Dismiss Notice
Join Physics Forums Today!
The friendliest, high quality science and math community on the planet! Everyone who loves science is here!

Variable acceleration question

  1. Jul 29, 2009 #1
    hi all,

    i think this should be simple but i just cant figuring it out

    i basically want to move a particle at rest from point A to point B by applying a force, F(t).
    the particle should be at point B when t = T

    knowing at that F = m * a(t), i m assuming m = 1, which means F(t) = a(t)

    i dont want the particle to swing around point B, meaning i want it to settle to rest at point B very quickly, this means velocity at point B should be 0, v(T) = 0

    so assuming d=distance, v=velocity, a=acceleration, i created the following condition below for my question:

    d(0) = 0
    v(0) = V0
    a(0) = A0

    d(T) = B
    v(T) = 0
    a(T) = 0

    i m thinking that many a(t) will satisfy the above boundary conditions, like a linear a(t) in the form of
    a(t) = c * t + A0

    then i got stuck......

    any help would be great......
    thanks in advance
     
  2. jcsd
  3. Jul 29, 2009 #2

    rcgldr

    User Avatar
    Homework Helper

    If a(t) = c * t + A0, then what are v(t) and d(t)?
     
    Last edited: Jul 30, 2009
  4. Jul 29, 2009 #3

    diazona

    User Avatar
    Homework Helper

    You're right on track so far, especially with the observation that there will be many solutions. You're going to need some sort of extra condition to determine the acceleration uniquely. For example, you could assume that it's linear, or sinusoidal, or you could try to find the pattern of acceleration that will produce the minimum amount of work. Or whatever. But once you figure out what kind of acceleration you want, it's really just a math problem.

    P.S. You might have to do some fiddling to satisfy all 6 of your boundary conditions.
     
  5. Jul 30, 2009 #4

    rcgldr

    User Avatar
    Homework Helper

    Note for the given problem statement, A0, V0, and B are related to each other in such way that only two of them can be variable, and the third value will be determined from the other two. For example, if you want A0 and V0 to be the inputs, then B is a calculated value.
     
  6. Jul 30, 2009 #5
    here is my approach

    i got this from some physics book
    1) D(t) = 1/2 * a(t) * t2 + v0 * t + d0

    differentiating 1) with respect to t, i get
    2) v(t) = dD/dt = 1/2 * t * a' + t * a + v0

    differentiating 2) with respect to t, i get
    3) a = a(t) = dv/dt = 2 * t * a' + 1/2 * t2 * a'' + a

    from 3) i get a 2nd order DE
    4) a'' = -4/t * a

    solving 4) i get
    a(t) = c1/t3 + c2

    which means that acceleration is infinity at a(0), which violates my boundary condition of
    a(0) = A0

    am i in the right direction?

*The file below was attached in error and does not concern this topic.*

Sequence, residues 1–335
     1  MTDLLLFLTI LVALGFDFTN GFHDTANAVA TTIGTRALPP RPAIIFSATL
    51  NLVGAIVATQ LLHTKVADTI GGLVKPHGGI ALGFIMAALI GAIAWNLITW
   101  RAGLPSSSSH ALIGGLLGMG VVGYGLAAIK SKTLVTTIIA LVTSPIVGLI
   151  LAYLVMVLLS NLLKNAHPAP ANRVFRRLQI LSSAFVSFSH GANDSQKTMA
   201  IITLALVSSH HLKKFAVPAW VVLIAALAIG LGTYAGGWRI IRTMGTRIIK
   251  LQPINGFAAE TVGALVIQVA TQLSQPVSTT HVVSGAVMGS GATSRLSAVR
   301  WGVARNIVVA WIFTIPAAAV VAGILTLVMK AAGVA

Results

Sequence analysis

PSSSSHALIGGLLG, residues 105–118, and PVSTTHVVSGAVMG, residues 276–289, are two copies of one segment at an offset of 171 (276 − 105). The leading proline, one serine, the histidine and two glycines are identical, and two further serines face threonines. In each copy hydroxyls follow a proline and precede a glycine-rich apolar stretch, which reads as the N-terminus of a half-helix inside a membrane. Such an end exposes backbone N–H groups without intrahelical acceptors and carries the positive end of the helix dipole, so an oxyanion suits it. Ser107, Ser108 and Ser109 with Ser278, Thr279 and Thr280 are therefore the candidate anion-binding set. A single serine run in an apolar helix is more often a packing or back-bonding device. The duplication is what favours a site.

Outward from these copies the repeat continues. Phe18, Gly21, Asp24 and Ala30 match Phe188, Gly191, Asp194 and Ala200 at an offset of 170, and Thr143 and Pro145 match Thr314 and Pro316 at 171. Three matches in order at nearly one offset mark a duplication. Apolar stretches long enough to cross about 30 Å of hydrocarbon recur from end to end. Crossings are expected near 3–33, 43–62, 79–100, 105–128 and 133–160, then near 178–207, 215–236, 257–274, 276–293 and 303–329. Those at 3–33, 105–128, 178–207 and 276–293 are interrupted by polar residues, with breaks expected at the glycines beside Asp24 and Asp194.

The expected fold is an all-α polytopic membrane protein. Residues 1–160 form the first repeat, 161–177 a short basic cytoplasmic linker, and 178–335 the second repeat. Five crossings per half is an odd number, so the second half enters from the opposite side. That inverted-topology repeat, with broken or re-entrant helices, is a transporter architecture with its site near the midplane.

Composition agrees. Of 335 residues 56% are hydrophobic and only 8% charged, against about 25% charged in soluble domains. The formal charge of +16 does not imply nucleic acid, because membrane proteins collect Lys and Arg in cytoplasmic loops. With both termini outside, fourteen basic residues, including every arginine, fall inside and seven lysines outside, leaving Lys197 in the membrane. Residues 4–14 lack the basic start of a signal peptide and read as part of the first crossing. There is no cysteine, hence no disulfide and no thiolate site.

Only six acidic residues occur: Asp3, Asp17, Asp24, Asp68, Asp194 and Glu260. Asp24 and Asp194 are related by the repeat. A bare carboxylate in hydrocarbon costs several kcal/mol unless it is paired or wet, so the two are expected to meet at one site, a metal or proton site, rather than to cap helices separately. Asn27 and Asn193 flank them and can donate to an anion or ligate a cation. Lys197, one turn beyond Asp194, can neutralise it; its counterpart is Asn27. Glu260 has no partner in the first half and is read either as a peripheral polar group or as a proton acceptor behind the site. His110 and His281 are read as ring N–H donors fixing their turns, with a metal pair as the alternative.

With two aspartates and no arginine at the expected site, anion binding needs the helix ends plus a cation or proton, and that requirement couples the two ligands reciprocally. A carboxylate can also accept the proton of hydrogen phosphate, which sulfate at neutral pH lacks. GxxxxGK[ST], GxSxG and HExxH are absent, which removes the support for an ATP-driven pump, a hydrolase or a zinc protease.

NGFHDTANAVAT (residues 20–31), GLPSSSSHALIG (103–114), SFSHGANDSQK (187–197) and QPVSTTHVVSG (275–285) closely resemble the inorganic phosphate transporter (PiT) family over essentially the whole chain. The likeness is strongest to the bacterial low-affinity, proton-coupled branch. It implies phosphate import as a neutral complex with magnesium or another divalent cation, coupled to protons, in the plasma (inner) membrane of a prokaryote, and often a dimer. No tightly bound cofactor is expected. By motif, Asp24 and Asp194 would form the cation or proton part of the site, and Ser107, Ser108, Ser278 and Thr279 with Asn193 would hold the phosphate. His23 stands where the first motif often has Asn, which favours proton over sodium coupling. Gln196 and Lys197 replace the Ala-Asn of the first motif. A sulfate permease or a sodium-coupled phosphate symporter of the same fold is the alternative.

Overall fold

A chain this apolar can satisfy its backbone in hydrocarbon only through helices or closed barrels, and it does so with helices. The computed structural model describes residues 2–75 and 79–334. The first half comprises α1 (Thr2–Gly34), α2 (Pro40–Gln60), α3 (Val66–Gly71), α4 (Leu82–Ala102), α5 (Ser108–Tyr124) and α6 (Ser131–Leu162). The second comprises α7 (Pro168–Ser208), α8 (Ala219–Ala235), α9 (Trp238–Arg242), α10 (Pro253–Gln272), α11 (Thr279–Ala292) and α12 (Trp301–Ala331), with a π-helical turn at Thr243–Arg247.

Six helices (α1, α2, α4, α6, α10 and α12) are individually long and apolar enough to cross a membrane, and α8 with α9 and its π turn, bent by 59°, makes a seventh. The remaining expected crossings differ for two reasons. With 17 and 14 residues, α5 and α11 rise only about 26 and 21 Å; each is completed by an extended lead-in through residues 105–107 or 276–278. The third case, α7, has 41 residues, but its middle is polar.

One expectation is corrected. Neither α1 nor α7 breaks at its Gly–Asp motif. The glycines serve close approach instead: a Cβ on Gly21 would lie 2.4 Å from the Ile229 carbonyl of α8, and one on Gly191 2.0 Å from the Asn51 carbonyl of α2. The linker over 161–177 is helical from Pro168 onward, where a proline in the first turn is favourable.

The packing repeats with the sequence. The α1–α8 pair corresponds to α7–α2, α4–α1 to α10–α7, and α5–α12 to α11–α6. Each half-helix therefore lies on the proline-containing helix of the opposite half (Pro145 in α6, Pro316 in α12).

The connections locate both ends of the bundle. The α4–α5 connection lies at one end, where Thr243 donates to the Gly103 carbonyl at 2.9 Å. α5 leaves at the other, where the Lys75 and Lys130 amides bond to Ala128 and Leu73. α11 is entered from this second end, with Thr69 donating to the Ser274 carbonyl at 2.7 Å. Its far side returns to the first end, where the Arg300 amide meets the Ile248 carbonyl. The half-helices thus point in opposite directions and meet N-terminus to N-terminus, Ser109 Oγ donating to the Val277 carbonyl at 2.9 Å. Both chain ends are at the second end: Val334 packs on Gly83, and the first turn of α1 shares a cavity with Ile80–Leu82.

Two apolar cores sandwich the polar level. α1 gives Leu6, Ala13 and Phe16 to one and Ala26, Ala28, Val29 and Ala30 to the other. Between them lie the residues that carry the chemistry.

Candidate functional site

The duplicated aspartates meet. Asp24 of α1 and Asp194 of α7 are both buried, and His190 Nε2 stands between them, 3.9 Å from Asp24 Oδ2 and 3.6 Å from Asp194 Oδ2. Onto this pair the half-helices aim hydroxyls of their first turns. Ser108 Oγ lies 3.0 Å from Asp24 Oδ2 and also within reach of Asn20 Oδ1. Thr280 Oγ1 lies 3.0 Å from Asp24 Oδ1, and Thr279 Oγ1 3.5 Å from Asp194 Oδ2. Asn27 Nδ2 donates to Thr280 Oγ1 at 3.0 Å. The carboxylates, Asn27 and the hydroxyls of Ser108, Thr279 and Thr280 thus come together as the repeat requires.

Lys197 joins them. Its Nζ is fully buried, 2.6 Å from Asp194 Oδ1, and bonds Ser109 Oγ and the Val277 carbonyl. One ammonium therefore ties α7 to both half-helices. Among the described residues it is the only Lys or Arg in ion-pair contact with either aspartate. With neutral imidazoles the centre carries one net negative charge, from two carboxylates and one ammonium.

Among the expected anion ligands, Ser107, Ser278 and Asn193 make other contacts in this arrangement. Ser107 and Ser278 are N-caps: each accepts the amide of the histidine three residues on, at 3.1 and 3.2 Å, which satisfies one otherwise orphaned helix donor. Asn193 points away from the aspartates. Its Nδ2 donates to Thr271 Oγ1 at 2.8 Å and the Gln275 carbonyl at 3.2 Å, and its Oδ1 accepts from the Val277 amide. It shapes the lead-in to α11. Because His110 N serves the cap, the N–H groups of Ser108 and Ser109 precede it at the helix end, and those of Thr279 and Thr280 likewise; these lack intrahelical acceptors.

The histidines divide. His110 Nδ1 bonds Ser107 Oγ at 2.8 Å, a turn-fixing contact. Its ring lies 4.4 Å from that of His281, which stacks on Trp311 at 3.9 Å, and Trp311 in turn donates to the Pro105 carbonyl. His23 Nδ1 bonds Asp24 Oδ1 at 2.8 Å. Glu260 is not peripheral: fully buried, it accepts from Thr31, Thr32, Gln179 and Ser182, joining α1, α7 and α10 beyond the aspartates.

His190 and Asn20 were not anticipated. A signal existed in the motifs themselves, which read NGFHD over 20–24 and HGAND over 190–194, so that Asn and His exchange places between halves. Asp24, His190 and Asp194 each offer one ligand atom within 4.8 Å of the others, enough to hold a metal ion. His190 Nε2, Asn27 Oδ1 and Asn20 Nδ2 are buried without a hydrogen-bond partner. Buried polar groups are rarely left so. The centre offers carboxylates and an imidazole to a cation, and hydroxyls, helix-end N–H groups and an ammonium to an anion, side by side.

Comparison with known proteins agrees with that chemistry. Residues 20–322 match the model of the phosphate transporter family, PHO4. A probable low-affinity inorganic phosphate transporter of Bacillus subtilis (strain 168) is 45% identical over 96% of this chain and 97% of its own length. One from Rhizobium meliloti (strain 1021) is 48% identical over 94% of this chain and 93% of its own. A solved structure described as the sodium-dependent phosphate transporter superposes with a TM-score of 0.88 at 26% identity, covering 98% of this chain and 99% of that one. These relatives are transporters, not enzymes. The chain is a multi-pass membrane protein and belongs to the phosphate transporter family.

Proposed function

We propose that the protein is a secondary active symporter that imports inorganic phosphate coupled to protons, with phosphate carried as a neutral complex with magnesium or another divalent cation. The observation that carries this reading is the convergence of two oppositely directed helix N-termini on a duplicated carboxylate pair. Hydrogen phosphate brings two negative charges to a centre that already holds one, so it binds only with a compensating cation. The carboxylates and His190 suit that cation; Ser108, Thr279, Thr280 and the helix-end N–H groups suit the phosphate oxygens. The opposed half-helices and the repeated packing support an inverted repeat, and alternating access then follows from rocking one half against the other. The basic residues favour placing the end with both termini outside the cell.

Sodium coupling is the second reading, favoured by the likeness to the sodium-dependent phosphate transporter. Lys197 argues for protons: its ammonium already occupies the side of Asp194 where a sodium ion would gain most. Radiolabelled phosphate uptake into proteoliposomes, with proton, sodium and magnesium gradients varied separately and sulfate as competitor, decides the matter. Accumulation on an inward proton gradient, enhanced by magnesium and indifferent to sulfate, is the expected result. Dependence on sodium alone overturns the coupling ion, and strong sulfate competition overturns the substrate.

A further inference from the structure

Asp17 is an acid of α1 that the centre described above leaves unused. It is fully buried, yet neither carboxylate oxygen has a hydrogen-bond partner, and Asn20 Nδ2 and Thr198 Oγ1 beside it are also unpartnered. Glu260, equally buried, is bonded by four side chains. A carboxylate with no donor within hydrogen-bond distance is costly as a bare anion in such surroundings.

thanks in advance
     
  7. Jul 30, 2009 #6

    rcgldr

    User Avatar
    Homework Helper

    That is the equation for constant acceleration, a(t) = A0.

    You've already stated the equation for acceleration,

    a(t) = c t + A0

    Start with that and integrate to get v(t), then integrate again to get d(t). For the constants of integration, you've already defined them as V0 for v(0) and 0 for d(0).
     
  8. Aug 1, 2009 #7

    rcgldr

    User Avatar
    Homework Helper

    For anyone that was curious:
    Note that A0 is negative, B is a determined value.

    A(t) = t c + A0
    V(t) = 1/2 t2 c + t A0 + V0
    D(t) = 1/6 t3 c + 1/2 t2A0 + t V0 + 0

    For some t != 0, A(t) = 0, V(t) = 0, and D(t) = B (to be determined)

    cancel c term to solve for T:
    1/2 T A(T) = 1/2 T2 c + 1/2 T A0
    V(T) - 1/2 t A(T) = 1/2 T A0 + V0 = 0
    T = -2 V0 / A0

    use T to solve for c:
    A(T) = T c + A0 = (-2 V0/A0) c + A0 = 0
    c = A02 / (2 V0)

    use T and c to solve for B
    D(t) = 1/6 T3 c + 1/2 T2A0 + T V0 + 0 = B
    1/6 (-2 V0/A0)3 (A02 / (2 V0)) + 1/2 (-2 V0/A0)2 A0 + (-2 V0/A0) V0 = B
    -2/3 (V02 / A0) + 2 (V02 / A0) -2 (V02 / A0) = B
    B = -2/3 (V02 / A0)

    alternate method for B (cancel c term, then A0 term, to solve for B versus t):
    cancel c term:
    V(t) = 1/2 t2 c + t A0 + V0
    D(t) = 1/6 t3 c + 1/2 t2A0 + t V0 - B = 0
    1/3 t V(t) = 1/6 t3 c + 1/3 t2 A0 + 1/3 t V0 = 0
    D(t) - 1/3 t V(t) = 1/6 t2 A0 + 2/3 t V0 - B = 0
    cancel A0 term:
    V(t) - 1/2 t A(t) = 1/2 t A0 + V0 = 0
    1/3 t (V(t) - 1/2 t A(t)) = 1/6 t2 A0 + 1/3 t V0 = 0
    (D(t) - 1/3 t V(t)) - (1/3 t (V(t) - 1/2 t A(t))) = 1/3 t V0 - B = 0
    B = 1/3 t V0
    solve for t = T
    B = 1/3 T V0 = 1/3 (-2 V0 / A0) V0 = -2/3 (V02 / A0)
     
    Last edited: Aug 2, 2009
  9. Aug 2, 2009 #8
    I'm pretty sure a constant acceleration is still within the family of initial solutions.
     
  10. Aug 2, 2009 #9

    rcgldr

    User Avatar
    Homework Helper

    Only if A0, V0, and B are zero, the object never moves, and t doesn't matter. Otherwise if A0 0 at t = 0, then later A0 = 0 at t = T, then acceleration has to change. Remove the requirement that A0 = 0 at t = T, then constant acceleration works.
     
Know someone interested in this topic? Share this thread via Reddit, Google+, Twitter, or Facebook